Today is the 100th anniversary of International Women's Day. Recently, women in the Middle East and North Africa, have been standing up for democratic change and equal rights. What lies ahead for women in these countries?
Algeria was seen as one of the North African countries likely to follow Tunisia on the path to democratization. But as Assia Boundaoui reports, Algerians are tired of fighting, and are willing to settle for minor freedoms rather than full democracy.
To help us understand more about self-immolation and those who commit it, we are joined by Michael Biggs, a lecturer in the Department of Sociology, at the University of Oxford, who has been studying this form of protest.
Our Geo Quiz takes us to North Africa: We're looking for the largest country on the shores of the Mediterranean. This country is also the second largest in Africa. A cathedral in the capital is seen as a symbol of religious tolerance in Algeria.
A small group of Algerians who fought on the French side of Algeria's war of independence suffered widespread discrimination after the French military abandoned the country. Those who escaped to France didn't fair much better. Fifty years later, they're still waiting for an apology.
Bani Walid, in western Libya, is the last holdout of deposed and killed Libyan dictator Muammar Gaddafi. In the revolution that deposed him, Bani Walid never fell to the rebels, and has since openly continued to profess allegiance to the dead dictator. But now, a conflict has erupted between the Libyan government on one side, and Bani Walid leaders.
Mali is in the throes of an uprising between the country's Islamic fundamentalists and its nomadic, indigenous Tuareg people. The Islamists are on top and have banned all "non-devotional" music. And that's totally upended what was once a vibrant music scene.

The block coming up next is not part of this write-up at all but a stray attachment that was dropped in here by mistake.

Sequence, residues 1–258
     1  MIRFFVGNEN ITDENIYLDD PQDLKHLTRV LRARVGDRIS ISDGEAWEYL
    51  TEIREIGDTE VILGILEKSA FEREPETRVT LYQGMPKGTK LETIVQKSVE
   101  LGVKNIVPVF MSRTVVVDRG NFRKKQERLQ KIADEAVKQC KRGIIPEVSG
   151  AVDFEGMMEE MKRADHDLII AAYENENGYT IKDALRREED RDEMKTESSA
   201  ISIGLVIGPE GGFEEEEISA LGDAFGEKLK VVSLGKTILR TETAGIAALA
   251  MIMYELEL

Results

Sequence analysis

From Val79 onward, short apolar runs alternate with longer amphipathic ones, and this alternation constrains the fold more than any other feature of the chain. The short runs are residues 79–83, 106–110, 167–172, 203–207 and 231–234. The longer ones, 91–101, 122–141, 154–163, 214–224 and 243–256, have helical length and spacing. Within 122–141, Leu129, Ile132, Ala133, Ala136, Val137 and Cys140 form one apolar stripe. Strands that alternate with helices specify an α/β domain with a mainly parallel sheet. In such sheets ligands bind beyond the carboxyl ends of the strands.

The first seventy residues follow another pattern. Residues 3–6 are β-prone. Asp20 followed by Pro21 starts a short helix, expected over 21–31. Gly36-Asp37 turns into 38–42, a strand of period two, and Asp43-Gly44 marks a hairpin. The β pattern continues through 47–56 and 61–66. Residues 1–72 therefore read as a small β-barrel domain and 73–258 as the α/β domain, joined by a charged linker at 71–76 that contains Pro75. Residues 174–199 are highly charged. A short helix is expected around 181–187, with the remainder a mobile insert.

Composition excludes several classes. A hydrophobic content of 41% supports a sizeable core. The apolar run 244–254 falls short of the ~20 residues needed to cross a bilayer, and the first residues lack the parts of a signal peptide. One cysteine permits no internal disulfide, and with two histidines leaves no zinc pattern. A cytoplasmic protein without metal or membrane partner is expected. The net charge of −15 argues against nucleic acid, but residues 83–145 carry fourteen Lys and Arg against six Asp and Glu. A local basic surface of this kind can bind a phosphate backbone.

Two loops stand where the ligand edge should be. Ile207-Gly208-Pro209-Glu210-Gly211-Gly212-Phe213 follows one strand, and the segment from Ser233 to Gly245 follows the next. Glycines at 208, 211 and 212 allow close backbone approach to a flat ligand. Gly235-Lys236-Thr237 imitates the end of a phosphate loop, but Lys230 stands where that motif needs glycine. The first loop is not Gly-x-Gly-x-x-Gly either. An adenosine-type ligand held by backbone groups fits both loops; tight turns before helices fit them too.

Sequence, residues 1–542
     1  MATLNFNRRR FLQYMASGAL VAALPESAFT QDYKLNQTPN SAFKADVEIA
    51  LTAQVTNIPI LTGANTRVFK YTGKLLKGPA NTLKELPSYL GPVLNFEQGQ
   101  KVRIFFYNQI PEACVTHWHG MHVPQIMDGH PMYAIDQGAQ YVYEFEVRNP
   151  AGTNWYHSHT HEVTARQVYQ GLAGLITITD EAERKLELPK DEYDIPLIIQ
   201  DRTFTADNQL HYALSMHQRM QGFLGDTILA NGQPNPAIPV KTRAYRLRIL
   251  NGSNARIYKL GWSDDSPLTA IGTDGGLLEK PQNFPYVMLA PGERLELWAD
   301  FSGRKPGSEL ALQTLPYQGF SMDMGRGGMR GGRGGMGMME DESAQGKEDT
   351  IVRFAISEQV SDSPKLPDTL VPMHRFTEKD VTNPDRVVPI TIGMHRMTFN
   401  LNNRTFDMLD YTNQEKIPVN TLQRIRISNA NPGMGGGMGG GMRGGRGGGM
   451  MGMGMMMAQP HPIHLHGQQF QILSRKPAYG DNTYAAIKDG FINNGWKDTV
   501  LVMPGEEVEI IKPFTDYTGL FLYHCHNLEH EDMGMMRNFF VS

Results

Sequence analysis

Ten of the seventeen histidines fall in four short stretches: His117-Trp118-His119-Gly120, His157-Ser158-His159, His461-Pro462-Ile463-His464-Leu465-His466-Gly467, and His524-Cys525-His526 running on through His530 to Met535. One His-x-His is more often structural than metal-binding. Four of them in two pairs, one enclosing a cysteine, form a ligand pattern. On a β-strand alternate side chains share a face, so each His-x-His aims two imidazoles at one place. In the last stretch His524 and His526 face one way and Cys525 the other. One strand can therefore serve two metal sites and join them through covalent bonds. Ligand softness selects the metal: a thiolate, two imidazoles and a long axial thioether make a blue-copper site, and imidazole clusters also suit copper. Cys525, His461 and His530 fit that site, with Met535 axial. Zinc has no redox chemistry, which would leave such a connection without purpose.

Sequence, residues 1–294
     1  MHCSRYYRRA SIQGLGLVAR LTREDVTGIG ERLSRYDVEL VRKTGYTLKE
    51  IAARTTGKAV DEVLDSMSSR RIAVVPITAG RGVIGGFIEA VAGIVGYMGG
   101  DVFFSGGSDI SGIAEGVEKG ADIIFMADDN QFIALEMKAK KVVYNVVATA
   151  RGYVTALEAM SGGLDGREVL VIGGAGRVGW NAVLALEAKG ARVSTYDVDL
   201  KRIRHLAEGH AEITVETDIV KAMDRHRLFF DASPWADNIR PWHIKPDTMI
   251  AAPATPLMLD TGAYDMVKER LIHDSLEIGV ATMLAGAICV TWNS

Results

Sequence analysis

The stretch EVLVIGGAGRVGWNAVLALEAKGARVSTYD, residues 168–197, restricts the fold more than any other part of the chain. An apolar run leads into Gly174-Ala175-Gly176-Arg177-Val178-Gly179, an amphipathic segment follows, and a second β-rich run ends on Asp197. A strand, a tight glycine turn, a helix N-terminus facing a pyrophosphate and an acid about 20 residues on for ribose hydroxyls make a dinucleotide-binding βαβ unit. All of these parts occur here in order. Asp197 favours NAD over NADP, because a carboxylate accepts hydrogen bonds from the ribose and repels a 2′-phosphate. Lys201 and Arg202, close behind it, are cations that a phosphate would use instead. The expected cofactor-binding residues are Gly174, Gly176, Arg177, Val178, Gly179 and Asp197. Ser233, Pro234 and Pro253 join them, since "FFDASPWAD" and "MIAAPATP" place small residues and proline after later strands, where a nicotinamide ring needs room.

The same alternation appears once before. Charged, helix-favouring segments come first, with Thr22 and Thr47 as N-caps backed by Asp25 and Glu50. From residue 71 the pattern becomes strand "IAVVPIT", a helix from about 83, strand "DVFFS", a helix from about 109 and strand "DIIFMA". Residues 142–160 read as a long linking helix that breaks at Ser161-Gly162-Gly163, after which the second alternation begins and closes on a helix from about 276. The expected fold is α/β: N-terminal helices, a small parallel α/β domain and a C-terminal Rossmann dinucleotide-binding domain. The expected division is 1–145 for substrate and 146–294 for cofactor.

The ongoing unrest in northern Mali is raising concerns that the militants could move into neighboring countries. And with the latest jihadist retaliation and taking of hostages, some say it's time for an increased focus on the Maghreb region and the militants who rule it.
Albert Camus was dashing, brilliant and died young. The French Algerian intellectual, philosopher and writer won the Nobel Prize for Literature at the tender age of 44 but died in a car crash just a few years later. His books like "The Myth of Sisyphus" and "The Plague" are still read by college students and even world leaders. But Camus' standing in France was forever tarnished by his views on the Algerian war.
Algerians who are interested in their current election — and there aren't many, really — were greeted with a surreal scene of their little seen president being wheeled into a voting booth to cast a ballot for his own re-election. Slowly, Algerians are trying to bring change to a country that's been ruled by the same many for almost 15 years.